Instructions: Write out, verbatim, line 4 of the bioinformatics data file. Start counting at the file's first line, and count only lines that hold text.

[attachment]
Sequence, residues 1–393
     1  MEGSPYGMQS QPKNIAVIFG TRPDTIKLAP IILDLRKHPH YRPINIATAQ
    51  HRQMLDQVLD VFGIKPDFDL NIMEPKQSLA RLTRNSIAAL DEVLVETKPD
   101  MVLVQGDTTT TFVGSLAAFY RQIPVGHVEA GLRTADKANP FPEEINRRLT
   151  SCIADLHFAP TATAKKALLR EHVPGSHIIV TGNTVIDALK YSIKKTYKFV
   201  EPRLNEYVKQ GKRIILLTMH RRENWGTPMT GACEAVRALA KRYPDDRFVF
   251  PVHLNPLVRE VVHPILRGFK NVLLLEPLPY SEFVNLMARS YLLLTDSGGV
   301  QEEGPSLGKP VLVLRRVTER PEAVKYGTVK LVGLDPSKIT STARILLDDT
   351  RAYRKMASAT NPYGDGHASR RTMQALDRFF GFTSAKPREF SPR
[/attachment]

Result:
   101  MVLVQGDTTT TFVGSLAAFY RQIPVGHVEA GLRTADKANP FPEEINRRLT